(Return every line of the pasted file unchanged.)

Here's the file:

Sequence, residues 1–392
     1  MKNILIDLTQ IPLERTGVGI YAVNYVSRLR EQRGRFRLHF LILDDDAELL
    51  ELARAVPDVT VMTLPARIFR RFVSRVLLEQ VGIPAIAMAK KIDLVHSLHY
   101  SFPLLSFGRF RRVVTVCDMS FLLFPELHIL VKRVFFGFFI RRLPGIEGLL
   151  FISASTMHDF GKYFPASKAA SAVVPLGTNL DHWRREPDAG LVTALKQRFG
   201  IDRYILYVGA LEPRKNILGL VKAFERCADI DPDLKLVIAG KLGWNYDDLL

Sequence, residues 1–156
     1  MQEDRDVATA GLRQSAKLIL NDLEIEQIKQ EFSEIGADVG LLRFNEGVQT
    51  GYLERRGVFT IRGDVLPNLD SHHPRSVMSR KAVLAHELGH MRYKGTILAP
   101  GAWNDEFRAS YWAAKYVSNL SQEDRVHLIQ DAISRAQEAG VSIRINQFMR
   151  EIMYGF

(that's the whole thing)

Sequence, residues 1–392
     1  MKNILIDLTQ IPLERTGVGI YAVNYVSRLR EQRGRFRLHF LILDDDAELL
    51  ELARAVPDVT VMTLPARIFR RFVSRVLLEQ VGIPAIAMAK KIDLVHSLHY
   101  SFPLLSFGRF RRVVTVCDMS FLLFPELHIL VKRVFFGFFI RRLPGIEGLL
   151  FISASTMHDF GKYFPASKAA SAVVPLGTNL DHWRREPDAG LVTALKQRFG
   201  IDRYILYVGA LEPRKNILGL VKAFERCADI DPDLKLVIAG KLGWNYDDLL

Sequence, residues 1–156
     1  MQEDRDVATA GLRQSAKLIL NDLEIEQIKQ EFSEIGADVG LLRFNEGVQT
    51  GYLERRGVFT IRGDVLPNLD SHHPRSVMSR KAVLAHELGH MRYKGTILAP
   101  GAWNDEFRAS YWAAKYVSNL SQEDRVHLIQ DAISRAQEAG VSIRINQFMR
   151  EIMYGF